Who gets the right to mine, and how?
Over 20 Transparency International Chapters, from some of the world’s most resource-rich countries, have come together to shine a light on how mining deals are made.
By focusing our spotlight on the start of the value chain we are working to prevent corruption before ground is even broken.
We are collaborating with an ever-growing network of global anti-corruption initiatives. We are working with governments, companies and communities who want to fix the flaws in the way mining permits are granted, flaws that leave the whole mining operation vulnerable to corruption.
Together, we are building coalitions against corruption, because we need to work together to create a fairer process for all.
Australia holds itself out as a world-class destination for mining companies. But do we really know who is coming here to mine?
This timeline shows the progress of the Accountable Mining Program in Australia, the collaboration with our diverse range of stakeholders, and events that have showcased our work.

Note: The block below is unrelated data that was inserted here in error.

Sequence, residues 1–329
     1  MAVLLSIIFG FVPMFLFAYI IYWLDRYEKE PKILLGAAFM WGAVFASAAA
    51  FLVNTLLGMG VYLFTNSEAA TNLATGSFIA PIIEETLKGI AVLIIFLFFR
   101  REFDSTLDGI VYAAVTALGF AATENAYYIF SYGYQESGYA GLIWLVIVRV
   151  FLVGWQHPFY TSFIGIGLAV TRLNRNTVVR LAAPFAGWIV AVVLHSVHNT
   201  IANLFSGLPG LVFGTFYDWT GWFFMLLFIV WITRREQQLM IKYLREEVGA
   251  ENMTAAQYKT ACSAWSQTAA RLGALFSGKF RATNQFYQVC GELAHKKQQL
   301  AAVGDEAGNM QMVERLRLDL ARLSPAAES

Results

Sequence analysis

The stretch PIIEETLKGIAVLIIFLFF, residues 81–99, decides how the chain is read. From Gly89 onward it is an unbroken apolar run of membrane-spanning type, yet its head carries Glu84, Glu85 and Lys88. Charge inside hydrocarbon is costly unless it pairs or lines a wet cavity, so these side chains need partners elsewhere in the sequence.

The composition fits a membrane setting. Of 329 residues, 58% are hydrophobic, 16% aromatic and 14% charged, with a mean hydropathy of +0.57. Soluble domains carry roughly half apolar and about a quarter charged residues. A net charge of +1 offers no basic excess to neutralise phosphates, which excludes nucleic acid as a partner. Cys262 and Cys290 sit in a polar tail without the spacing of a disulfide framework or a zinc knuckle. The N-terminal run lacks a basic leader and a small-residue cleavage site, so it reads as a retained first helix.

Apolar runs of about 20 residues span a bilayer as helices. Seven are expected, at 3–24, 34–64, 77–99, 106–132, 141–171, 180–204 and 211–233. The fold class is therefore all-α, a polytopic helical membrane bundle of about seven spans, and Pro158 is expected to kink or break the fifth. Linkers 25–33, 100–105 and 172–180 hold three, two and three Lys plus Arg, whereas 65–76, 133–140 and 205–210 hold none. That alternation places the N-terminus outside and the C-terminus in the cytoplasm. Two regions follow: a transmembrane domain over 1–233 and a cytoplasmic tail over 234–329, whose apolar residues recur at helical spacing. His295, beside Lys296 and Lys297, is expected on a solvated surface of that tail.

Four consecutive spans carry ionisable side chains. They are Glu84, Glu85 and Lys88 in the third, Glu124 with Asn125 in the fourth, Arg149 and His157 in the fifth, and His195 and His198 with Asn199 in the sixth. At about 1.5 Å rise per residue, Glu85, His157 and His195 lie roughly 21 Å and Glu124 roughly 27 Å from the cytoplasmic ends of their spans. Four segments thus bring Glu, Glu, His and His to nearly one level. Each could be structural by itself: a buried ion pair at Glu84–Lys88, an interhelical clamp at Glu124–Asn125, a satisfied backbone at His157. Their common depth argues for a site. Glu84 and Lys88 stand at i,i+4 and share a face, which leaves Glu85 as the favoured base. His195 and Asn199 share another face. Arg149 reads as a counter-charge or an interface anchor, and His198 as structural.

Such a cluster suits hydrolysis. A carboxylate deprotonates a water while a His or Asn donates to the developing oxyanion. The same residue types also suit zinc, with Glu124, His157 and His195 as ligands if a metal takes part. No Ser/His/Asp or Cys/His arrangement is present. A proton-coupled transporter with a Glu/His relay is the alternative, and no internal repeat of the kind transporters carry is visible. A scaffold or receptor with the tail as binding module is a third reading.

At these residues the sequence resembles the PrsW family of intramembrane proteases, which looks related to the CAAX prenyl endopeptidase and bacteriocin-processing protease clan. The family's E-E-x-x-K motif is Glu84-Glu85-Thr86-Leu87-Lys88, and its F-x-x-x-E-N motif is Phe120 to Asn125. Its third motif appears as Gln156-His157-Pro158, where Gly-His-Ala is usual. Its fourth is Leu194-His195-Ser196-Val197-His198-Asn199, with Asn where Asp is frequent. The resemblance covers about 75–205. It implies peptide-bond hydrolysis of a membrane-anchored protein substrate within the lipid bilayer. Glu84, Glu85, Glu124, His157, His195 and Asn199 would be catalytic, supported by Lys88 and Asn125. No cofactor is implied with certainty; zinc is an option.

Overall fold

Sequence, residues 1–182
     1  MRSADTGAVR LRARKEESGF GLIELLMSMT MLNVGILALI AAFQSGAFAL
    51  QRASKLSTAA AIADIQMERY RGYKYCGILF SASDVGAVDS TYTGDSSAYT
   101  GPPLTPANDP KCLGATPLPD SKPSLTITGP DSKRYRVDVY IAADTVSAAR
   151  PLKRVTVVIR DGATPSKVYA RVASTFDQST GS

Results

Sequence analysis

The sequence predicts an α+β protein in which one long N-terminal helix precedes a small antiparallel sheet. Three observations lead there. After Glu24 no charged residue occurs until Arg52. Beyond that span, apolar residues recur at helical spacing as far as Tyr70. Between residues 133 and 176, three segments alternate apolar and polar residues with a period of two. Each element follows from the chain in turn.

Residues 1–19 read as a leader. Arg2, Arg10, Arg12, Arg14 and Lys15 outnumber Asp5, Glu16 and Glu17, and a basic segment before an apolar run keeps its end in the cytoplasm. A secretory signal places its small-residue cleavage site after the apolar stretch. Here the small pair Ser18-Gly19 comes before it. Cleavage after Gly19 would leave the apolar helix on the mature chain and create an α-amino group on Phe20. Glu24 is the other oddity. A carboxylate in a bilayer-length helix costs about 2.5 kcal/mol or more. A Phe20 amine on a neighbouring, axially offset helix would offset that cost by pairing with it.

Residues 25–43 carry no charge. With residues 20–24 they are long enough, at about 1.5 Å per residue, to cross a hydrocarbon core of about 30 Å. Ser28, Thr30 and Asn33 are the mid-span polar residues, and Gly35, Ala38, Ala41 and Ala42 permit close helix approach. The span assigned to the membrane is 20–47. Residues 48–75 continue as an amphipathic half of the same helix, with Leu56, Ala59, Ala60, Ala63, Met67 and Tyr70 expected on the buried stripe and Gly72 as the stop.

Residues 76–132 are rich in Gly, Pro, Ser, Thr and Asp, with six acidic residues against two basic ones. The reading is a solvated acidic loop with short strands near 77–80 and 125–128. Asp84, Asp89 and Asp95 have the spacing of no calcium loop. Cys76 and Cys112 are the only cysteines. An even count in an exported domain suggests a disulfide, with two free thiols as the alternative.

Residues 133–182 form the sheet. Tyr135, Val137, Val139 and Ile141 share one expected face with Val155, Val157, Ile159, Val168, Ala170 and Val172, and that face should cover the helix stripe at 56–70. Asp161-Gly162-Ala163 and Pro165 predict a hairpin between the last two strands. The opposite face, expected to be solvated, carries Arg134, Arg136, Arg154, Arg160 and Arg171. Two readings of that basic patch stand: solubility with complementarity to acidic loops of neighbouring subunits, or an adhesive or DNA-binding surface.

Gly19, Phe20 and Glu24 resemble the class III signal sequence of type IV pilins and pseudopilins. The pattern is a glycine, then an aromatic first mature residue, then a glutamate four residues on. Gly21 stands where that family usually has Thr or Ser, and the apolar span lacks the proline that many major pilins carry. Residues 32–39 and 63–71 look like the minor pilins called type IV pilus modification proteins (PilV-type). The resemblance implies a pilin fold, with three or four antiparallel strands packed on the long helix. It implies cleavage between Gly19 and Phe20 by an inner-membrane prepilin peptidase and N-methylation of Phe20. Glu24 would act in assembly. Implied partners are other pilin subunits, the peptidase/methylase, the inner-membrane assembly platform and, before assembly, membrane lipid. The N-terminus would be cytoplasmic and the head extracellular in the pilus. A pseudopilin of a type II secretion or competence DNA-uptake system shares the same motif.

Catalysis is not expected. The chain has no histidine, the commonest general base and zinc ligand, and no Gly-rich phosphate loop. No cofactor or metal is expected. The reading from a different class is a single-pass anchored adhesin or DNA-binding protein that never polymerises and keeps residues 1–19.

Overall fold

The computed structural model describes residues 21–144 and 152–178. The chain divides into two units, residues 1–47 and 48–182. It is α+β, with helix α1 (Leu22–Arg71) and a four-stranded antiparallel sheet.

CrTo effectively combat corruption, supporting women’s voice and agency is critical. Women need to have a seat at the table and be part of decisions about mining projects.
Our new blog series
Our blog series features developments in four countries where TI chapters are actively working to have their governments introduce rigorous beneficial ownership and integrity due diligence as part of the licensing process.
Our research examines where, how and under what conditions corruption occurs when mining permits are granted.
Our Global Report is filled with case studies from around the world, and the MACRA Tool details how users can explore corruption loopholes in their own countries. These publications are available in English, French and Spanish.
We are a global network of Transparency International Chapters working in some of the world’s most resource-rich countries. Click on the countries below to see national-level research into the corruption risks in mining approvals.
We are grateful for the support we receive for this work from the BHP Foundation and the Australian Government through the Department of Foreign Affairs and Trade.